Prices plummeted yesterday following favorable news from Saudi Aramco on the production recovery effort. Prices fell back below $60/bbl, bringing it within its normal range again. Crude oil is currently trading at $58.19 this morning, down an addition $1.15.
Fuel prices are also lower, though their decline has been less than crude’s. Diesel prices are currently $1.9723, down 1.7 cents. Gasoline prices are $1.6474, down a more significant 2.8 cents.
Saudi Arabia held a press conference yesterday afternoon, and during the meeting the kingdom indicated that Saudi Aramco has already restored over half of its production, and the facilities will resume normal operations by the end of September. With the outage reduced, Saudi committed to maintaining exports by using their strategic reserves and activating idle capacity. While the worst of the situation is now past, markets are still antsy to see how the US and Saudi Arabia will react towards Iran.
With production resuming, markets are turning towards the US government for more stimulation. President Trump is expected to announce measures today that would prevent California from issuing stricter automotive efficiency standards. Because California’s consumer base is so large, auto manufacturers have had to keep up with their standards regardless of federal standards, but the EPA will be revoking California’s ability to set their own efficiency targets. For fuel prices, this may signal a slower advance towards engine efficiency, meaning more fuel consumption in the short-term.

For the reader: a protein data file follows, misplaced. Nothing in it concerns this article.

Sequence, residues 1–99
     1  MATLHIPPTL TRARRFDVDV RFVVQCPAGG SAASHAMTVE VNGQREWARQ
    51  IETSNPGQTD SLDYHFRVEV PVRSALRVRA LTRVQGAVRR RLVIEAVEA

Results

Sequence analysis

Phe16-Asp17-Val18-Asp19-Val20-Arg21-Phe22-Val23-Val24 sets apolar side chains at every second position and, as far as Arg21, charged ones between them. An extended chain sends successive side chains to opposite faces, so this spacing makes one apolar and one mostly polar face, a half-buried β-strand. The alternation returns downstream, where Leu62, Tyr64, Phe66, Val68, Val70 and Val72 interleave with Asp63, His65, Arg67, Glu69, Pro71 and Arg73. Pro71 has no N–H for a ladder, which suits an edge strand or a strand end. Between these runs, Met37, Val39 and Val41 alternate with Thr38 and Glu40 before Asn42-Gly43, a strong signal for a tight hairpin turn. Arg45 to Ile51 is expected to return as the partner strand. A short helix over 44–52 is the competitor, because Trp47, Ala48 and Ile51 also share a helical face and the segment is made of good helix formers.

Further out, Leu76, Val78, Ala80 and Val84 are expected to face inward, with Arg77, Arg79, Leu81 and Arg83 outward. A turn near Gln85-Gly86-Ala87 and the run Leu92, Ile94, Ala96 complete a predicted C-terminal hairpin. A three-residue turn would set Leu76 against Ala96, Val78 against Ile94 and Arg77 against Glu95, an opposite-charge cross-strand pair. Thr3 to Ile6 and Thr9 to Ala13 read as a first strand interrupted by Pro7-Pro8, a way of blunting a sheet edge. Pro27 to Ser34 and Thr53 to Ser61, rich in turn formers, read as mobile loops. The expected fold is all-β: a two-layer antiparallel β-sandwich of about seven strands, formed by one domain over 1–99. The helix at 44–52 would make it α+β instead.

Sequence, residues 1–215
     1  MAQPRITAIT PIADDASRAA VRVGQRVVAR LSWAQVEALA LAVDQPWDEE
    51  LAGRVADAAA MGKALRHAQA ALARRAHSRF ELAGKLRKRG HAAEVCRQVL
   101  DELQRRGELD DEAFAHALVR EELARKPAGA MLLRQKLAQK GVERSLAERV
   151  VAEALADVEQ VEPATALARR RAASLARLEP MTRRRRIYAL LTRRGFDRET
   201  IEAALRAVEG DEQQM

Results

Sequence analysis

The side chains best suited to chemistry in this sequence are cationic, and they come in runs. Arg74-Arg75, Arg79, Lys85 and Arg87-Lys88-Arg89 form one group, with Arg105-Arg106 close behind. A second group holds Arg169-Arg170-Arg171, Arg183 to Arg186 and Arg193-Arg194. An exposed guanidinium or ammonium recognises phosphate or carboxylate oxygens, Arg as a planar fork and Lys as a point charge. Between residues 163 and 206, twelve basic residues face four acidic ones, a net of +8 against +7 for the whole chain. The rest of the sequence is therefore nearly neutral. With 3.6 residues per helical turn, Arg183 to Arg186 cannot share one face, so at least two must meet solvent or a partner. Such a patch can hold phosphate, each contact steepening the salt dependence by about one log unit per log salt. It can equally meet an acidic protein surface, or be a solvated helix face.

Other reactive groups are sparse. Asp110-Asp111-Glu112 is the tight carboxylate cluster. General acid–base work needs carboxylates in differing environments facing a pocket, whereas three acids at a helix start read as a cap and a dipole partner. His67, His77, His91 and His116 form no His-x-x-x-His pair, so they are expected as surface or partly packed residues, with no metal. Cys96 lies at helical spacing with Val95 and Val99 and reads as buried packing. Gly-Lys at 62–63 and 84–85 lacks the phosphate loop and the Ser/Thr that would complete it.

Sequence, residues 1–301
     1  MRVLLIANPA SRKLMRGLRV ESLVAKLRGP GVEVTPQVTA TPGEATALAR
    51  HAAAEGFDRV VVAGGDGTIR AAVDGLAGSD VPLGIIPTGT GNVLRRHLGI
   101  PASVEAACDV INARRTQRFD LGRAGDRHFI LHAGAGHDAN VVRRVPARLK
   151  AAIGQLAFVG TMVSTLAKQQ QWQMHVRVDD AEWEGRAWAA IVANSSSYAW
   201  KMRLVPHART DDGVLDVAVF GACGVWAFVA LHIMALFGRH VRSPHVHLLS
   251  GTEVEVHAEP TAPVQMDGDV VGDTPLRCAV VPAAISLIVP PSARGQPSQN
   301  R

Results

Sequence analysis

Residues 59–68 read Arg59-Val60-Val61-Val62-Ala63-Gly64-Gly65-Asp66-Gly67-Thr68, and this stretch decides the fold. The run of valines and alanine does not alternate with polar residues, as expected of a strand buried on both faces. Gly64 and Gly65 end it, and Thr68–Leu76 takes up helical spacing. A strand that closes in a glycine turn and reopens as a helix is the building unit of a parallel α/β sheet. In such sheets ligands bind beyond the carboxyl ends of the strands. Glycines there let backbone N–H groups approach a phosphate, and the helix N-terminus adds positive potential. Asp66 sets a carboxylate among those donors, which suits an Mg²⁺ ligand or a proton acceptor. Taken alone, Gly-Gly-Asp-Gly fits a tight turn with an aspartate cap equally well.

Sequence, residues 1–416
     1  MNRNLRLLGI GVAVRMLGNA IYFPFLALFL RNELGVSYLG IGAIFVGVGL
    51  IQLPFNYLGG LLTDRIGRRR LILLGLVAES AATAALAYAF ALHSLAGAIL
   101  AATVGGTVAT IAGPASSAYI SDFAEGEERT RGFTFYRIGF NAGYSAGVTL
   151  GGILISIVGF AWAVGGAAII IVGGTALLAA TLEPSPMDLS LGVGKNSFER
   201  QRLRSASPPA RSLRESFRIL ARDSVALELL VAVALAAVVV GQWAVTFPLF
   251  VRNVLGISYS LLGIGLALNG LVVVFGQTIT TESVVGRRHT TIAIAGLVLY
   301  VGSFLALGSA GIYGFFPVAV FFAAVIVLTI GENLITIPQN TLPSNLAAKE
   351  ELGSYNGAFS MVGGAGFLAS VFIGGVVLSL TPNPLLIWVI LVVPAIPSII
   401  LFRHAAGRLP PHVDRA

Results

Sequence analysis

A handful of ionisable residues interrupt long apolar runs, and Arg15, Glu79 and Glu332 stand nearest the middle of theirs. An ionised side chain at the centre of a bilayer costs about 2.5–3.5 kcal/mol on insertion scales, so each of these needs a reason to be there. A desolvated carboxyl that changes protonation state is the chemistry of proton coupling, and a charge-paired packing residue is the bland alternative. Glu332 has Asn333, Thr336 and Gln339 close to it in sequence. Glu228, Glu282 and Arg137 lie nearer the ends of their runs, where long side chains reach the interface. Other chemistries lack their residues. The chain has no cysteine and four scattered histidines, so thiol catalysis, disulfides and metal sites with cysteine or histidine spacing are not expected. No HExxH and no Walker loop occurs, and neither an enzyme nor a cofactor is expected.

Elsewhere, the Federal Reserve is beginning a two-day meeting on interest rates. Markets had previously expected at least a quarter-percent rate cut, but now sentiments are shifting towards leaving rates unchanged. A small cut would be supportive for financial markets including oil, while no change may be interpreted as slightly bearish.
The API’s data last night was the final source of market—driving news, though the report seems small compared to the massive headlines of the week. Petroleum inventories saw across-the-board builds, despite market expectations of falling crude and gasoline stocks. Today the EIA’s report will confirm whether the API is correct in its assessment of market conditions.